“The NCDC through the National Reference Laboratory continues to coordinate genomic surveillance activities across the country to sequence all positive COVID-19 samples from international travellers arriving in Nigeria.
‘’This includes sequencing of positive samples from international travellers from October 2021 to date. The Delta variant remains the dominant variant and so far, we have not seen the replacement of this variant by the new Omicron variant as observed elsewhere.”
Student, work visa applications will be processed despite travel restrictions — UK
However, the United Kingdom on Monday said student and work visa applications would be processed, despite travel restrictions imposed on Nigeria amid the outbreak of the Omicron COVID-19 variant.
The British High Commission, Abuja, made this known in a statement titled, ‘Statement from British High Commission on UK visa applications’. The High Commission had on Sunday said it will “pause making decisions on visitor visa applications in all red list countries, including Nigeria, until travel restrictions are lifted.”
But in an update late Monday, the UK said visa applications in other categories such as for persons who wish to study, work or live permanently, would continue to be processed.
“To support the UK Government’s aim to protect public health from COVID-19 and associated variants of concern, UK Visas & Immigration have paused making decisions on visitor visa applications in all red list countries until travel restrictions are lifted.
“Applications in other categories (student/work/live permanently in the UK) will continue to be processed.
“If you have been in a red list country in the 10 days before you arrive in England, once you arrive you must quarantine for 10 full days in a managed quarantine hotel (the day you arrive in England is day 0),” the statement read.
Fauci assures Nigerians of booster vaccines’ efficacy
In a related development, Dr. Anthony Fauci, DirectorÿNational Institute of Allergy and Infectious Diseases, Maryland, U.S.A, has assured Nigerians of the efficacy of booster shots in the fight against COVID-19.
Fauci is also the Chief Medical Adviser to the President of the United States of America, Joe Biden.
He gave the assurance during a webinar at the National Summit on COVID-19 with the theme: “End the Pandemic and Build Back Better.”
The event was organised by the Presidential Steering Committee PSC, on COVID-19, and continued yesterday, from Monday.
COVID-19 vaccine boosters shots are now authorised by the PSC and being recommended by the National Primary Health Care Development Agency, NPHCDA, for eligible Nigerians. A COVID-19 booster shot is an additional dose of a vaccine given after the protection provided by the prescribed shot(s) has begun to decrease over time.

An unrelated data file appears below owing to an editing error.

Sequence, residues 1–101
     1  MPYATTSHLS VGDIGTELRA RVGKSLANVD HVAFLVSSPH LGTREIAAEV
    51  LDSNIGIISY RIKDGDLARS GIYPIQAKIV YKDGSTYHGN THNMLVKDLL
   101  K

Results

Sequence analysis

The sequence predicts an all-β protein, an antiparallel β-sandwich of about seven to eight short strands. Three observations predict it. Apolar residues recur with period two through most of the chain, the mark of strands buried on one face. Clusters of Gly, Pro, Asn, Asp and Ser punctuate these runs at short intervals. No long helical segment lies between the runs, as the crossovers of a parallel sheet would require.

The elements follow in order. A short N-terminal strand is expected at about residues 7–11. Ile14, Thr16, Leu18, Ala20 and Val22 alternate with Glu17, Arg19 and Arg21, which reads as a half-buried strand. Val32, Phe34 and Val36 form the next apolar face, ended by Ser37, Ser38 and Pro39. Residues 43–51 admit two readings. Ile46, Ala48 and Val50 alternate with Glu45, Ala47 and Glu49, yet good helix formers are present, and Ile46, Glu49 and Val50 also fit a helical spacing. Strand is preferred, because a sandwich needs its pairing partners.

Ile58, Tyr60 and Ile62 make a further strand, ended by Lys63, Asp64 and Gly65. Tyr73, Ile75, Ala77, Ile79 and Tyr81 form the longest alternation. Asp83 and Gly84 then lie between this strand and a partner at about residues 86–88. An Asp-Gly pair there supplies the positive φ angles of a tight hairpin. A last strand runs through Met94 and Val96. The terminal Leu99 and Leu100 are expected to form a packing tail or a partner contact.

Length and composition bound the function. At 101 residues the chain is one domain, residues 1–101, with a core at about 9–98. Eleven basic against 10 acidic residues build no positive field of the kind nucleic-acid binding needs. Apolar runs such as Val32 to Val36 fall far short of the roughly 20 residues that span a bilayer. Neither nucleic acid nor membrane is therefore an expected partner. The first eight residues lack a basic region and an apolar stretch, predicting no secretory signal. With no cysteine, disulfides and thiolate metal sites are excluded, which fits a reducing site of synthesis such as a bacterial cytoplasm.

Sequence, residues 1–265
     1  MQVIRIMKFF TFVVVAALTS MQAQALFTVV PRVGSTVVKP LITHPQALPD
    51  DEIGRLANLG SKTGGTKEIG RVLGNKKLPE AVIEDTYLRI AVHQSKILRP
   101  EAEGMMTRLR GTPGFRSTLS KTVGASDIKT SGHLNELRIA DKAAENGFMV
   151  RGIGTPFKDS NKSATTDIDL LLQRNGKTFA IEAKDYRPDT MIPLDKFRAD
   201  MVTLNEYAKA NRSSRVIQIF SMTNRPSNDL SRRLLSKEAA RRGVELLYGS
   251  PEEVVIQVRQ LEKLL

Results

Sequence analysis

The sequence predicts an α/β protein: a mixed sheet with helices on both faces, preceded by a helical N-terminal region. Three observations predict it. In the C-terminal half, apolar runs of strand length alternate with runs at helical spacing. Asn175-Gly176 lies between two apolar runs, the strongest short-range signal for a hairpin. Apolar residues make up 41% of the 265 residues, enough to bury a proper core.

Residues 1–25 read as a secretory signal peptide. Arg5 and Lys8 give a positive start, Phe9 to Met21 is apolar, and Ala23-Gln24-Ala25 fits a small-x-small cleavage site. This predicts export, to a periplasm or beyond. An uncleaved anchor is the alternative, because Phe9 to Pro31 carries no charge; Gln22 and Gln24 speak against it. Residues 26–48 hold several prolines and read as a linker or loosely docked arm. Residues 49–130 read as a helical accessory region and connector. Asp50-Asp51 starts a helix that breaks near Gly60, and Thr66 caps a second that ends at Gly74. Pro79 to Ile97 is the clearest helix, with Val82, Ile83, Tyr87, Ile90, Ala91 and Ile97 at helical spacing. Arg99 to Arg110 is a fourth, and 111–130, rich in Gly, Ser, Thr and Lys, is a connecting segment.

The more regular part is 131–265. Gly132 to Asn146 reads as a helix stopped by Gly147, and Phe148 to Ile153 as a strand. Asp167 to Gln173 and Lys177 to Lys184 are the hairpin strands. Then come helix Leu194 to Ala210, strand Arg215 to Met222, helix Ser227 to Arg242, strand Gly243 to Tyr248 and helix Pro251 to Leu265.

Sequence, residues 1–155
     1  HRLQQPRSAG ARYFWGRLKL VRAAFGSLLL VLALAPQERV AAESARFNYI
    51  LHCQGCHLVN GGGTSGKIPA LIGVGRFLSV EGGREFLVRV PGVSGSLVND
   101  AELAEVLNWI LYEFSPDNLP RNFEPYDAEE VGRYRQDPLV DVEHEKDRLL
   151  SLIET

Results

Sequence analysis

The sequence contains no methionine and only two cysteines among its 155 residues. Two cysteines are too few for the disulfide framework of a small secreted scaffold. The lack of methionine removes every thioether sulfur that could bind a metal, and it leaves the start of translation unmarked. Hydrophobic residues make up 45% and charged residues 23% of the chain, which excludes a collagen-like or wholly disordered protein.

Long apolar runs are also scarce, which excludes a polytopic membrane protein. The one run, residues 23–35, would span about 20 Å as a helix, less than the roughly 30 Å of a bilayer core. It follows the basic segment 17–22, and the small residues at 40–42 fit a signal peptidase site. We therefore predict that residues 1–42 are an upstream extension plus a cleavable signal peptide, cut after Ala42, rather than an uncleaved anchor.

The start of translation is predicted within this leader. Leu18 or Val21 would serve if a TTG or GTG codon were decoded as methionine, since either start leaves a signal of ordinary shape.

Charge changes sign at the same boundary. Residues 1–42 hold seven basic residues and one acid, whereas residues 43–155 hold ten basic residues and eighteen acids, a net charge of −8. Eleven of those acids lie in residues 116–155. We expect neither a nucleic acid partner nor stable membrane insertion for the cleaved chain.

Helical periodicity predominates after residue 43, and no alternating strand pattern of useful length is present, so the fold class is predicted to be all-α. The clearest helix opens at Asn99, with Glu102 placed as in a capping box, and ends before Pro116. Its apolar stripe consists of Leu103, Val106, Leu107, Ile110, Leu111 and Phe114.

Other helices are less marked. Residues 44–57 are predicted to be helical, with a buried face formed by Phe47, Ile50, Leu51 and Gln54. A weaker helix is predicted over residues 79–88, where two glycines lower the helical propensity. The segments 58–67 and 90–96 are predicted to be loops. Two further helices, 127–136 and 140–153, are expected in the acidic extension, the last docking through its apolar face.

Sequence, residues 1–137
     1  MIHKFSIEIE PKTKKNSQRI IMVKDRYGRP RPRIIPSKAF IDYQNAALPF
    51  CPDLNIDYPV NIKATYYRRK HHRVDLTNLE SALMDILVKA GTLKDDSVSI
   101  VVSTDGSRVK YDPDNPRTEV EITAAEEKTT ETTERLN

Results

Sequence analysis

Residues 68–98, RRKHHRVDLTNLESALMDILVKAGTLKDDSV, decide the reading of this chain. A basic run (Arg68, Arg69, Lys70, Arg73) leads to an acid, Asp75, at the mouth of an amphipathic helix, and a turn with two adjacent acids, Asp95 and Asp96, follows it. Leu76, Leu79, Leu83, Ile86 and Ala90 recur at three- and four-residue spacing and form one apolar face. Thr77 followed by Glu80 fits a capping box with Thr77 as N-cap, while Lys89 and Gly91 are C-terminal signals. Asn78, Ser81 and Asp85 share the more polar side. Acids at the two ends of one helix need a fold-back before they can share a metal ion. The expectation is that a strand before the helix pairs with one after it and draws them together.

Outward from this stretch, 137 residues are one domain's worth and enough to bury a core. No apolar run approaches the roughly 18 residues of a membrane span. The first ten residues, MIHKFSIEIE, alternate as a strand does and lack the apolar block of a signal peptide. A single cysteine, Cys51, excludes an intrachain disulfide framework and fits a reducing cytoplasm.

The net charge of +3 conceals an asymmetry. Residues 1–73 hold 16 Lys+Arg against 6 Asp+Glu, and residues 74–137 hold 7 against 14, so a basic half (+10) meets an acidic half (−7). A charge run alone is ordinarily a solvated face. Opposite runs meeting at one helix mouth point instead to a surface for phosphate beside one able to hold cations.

The booster shot is designed to help people maintain their level of immunity for longer periods. The White House chief medical advisor said that studies strongly suggest that booster shots protect against a wide range of COVID–19 variants, but added scientists were undertaking further research on it.
Fauci said booster shots markedly increase antibody titers against variants of the virus. “The third shots also increase so-called memory B cells and T cells, a line of defense produced by the immune system to fend off a virus.
“Memory B cells create antibodies to fight bacteria and viruses, while T cells target and destroy other cells infected with a virus. “There is every reason to believe that if you got vaccinated and boosted that you would have at least some degree of cross protection,” Fauci assured.
Lagos experiencing fourth wave of COVID, says Sanwo-Olu
Also yesterday, Governor Babajide Sanwo-Olu, said the state was currently experiencing a fourth wave of the COVID pandemic.
In a statement, the governor blamed the fourth wave on refusal of residents to adhere to the protocol, adding that as of December 5, Lagos had recorded a total of 78,564 confirmed cases.
“Most of the continents of the world – including Africa – are now experiencing a fourth wave of the COVID-19 pandemic. Unfortunately, Lagos State is not left out as we are also experiencing the beginnings of a fourth wave with current positivity rate at 6%. This is against the positivity rates of 0.1% as at the middle of November 2021,” the statement reads.
“Based on our analysis, the fourth wave was brought by the non-adherence to the laid-down protocols to mitigate this pandemic.”
The governor said the state is working on measures to curb the ongoing fourth wave such as increasing the percentage of vaccinated residents from 1.6% to 30% within one year.
“I have specifically mandated the Lagos State Ministry of Health to administer 8 million doses to 4 million residents by the 25th of December, 2021, under the Count Me In campaign,” he said.
“We are launching 30 private priority sites for those who want to be vaccinated within a private health facility.”